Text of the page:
?uestlove and Prince Approved: King Has Come
KING Paris, Amber and Anita of KING
Imagine putting our a small collection of your songs with little fanfare and within a week having everyone from ?uestlove, Phonte, Talib Kweli and even Prince singing your praises? That's what happened to King, the Los Angeles musical trio of sisters Paris and Amber Strother and singer Anita Bias, whose 2011 EP arrived seemingly out of nowhere to international acclaim. Hot off the heels of their new single "Mister Chameleon," New York's about to get a double shot of King this Thursday, August 14th at Le Poisson Rouge and this Sunday, August 17th at Brooklyn's Kings Park as part of the MoCADA Soul of BK Festival. We spoke to King about establishing their kingdom seemingly overnight and the importance of being themselves.
You've mentioned in other interviews that the name King stems from having complete control over what you do. Has the meaning of that name changed for the three of you over the years?
Paris: I would say the meaning has changed. King was the only name that occurred to us because we knew what we were doing with all our stuff. We wanted to be the rulers of our own musical kingdom. But as time goes on and, even still now, the meaning of the word is still revealing itself to us. There's a lot of decisions you have to make and remind yourself why you named yourself King. It's what we wanted to be and what we needed to be as far as originality goes.
Paris and Amber, you're both sisters and have been your entire lives. How did you first meet Anita?
Paris: We first met really quick for like five seconds at Berkley. It was actually a rehearsal for a mutual friend of ours who had asked both of us to play. I remember when I asked her to sing alone, I stopped everybody and asked her to sing again because it really spoke to me. It was a year or two later when I moved to Los Angeles that we started hanging out and music was born from our hanging out. Amber was here for a visit, and that was the start of everything.
What was the inspiration for your new single "Mister Chameleon?"
Amber: I guess it comes from experiences that we all have in life with people that change a lot.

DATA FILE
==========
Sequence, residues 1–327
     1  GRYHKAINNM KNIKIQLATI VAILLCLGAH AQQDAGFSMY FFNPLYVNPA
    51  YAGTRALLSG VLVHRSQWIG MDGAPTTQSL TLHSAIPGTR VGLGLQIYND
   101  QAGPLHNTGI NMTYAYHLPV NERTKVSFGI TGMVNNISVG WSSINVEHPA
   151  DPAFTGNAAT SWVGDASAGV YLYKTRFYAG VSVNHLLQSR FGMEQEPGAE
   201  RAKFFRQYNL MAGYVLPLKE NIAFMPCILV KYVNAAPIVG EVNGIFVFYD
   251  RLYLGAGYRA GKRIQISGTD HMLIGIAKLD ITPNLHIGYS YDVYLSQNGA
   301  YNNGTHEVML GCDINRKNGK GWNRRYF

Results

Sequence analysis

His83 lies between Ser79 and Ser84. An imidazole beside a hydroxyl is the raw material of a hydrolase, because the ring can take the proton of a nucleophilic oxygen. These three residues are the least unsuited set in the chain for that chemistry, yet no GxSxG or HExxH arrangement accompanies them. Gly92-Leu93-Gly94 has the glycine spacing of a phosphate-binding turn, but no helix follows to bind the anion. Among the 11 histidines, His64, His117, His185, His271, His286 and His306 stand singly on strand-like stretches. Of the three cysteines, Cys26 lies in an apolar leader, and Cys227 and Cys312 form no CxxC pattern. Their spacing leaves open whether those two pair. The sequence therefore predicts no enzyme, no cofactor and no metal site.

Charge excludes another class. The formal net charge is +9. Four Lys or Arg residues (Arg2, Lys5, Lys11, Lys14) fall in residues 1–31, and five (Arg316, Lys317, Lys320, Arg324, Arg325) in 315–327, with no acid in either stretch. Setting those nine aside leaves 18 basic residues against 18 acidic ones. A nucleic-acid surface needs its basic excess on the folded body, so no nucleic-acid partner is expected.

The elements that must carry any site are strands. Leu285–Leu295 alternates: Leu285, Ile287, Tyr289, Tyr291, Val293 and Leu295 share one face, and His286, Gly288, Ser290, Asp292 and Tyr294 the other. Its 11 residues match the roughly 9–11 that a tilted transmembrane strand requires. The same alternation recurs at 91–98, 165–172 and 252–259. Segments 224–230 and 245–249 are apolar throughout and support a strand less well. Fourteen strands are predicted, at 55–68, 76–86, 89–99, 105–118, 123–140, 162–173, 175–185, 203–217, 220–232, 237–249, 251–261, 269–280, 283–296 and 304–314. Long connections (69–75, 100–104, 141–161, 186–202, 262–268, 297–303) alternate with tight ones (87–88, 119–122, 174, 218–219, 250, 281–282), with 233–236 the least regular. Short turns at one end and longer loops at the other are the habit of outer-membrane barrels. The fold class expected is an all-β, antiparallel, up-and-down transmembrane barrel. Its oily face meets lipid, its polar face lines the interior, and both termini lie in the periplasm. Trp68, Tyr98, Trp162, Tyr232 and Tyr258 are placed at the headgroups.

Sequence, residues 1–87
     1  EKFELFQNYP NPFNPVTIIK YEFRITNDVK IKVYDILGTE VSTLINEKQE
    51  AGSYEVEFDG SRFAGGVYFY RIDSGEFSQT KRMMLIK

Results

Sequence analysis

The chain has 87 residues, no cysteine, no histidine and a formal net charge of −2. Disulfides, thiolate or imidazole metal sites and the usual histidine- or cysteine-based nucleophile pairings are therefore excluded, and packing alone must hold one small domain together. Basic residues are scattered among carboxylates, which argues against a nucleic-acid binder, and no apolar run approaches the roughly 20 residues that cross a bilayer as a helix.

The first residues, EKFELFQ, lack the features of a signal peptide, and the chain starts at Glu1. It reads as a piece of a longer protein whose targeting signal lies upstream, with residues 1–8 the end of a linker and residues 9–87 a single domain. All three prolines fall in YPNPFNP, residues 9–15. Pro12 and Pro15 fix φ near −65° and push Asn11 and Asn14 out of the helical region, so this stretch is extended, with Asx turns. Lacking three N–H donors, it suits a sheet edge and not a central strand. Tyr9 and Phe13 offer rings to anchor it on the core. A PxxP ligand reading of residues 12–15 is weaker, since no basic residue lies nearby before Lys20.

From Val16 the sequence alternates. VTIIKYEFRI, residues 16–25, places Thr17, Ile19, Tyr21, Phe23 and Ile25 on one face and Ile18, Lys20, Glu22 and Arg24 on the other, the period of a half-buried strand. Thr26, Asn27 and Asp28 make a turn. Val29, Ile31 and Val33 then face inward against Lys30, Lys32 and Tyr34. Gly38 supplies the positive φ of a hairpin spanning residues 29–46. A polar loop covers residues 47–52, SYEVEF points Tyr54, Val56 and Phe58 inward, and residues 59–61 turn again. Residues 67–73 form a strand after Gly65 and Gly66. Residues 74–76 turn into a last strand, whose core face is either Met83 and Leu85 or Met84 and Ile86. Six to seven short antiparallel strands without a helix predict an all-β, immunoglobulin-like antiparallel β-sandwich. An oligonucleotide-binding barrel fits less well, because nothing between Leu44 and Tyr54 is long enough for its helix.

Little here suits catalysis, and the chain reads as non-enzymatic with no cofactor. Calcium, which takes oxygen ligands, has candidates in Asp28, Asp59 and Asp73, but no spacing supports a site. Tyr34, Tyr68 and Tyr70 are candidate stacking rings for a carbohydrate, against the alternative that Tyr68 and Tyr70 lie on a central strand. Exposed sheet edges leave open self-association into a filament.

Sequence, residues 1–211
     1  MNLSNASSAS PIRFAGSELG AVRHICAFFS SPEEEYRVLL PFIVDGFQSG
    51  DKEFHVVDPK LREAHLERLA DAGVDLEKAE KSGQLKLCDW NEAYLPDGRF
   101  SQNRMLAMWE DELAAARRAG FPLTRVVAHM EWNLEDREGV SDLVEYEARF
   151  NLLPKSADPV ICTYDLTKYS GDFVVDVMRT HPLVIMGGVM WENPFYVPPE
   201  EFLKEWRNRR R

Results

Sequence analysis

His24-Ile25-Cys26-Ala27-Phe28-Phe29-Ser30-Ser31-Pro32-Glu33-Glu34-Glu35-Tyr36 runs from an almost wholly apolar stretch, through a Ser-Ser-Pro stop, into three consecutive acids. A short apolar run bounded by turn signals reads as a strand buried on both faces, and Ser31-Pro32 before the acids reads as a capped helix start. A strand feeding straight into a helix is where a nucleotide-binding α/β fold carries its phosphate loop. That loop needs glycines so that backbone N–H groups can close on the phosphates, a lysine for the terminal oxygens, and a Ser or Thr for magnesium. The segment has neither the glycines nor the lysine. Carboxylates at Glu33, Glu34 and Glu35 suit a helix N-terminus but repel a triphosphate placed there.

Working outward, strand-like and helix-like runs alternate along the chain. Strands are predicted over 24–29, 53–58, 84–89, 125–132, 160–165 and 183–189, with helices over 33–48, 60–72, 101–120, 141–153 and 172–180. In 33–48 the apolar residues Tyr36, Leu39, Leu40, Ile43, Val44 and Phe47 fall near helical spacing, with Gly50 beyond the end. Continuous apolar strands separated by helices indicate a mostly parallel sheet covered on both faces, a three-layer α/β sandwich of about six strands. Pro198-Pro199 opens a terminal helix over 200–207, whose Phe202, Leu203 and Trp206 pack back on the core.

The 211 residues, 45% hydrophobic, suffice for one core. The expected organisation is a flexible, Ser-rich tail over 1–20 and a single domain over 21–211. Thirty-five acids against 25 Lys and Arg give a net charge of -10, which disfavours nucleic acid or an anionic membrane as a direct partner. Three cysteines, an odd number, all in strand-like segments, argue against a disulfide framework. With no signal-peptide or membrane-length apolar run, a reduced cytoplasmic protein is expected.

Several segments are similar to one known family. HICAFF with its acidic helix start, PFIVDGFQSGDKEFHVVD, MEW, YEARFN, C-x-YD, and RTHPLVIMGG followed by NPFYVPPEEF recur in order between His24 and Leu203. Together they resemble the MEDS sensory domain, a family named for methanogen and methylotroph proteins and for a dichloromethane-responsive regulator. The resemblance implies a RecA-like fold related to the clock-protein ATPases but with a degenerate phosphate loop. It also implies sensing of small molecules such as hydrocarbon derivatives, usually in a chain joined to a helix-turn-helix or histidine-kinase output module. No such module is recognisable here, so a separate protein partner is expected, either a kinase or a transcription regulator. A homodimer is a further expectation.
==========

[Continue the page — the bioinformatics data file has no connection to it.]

Anita: Can't quite put a finger on them.
Amber: Right! We all go through experiences whether a love, a friend, communication isn't always there and you can't tell where they're coming from. We wanted to tell that story and kind of keep it fun and light because everybody changes. It was fun to talk about it from our perspective, saying "It's cool you're changing, but we can't be around for that."
You released a live performance of "Mister Chameleon" before you put out the official single version, which is pretty sonically different. Do you find it a challenge to recreate the feeling of playing live in the studio, or are those entirely different entities?
Paris: I feel like they're almost a different animal. With recording, we spend a lot of time meticulously going over it and making sure the song speaks to the instruments we're using. With that [live] video in particular we had different keyboards and vocals and it made it organic in a different way.
Not including your recent collaborations, "Mister Chameleon's" the first King track we've heard since 2013's "In the Meantime." Were both tracks from the same sessions?
Anita: The recording of the album actually spans from about the EP until maybe a year ago, so they've all kind of been in the same family and we've been working on all the songs at the same time.
With the time you've spent working on this new album, which was announced in 2013, has much changed about it in the past year?
Paris: Yeah, we've actually added a few more songs to it to really give people a full picture of who we are. We're really excited to give people the full scope of what we do.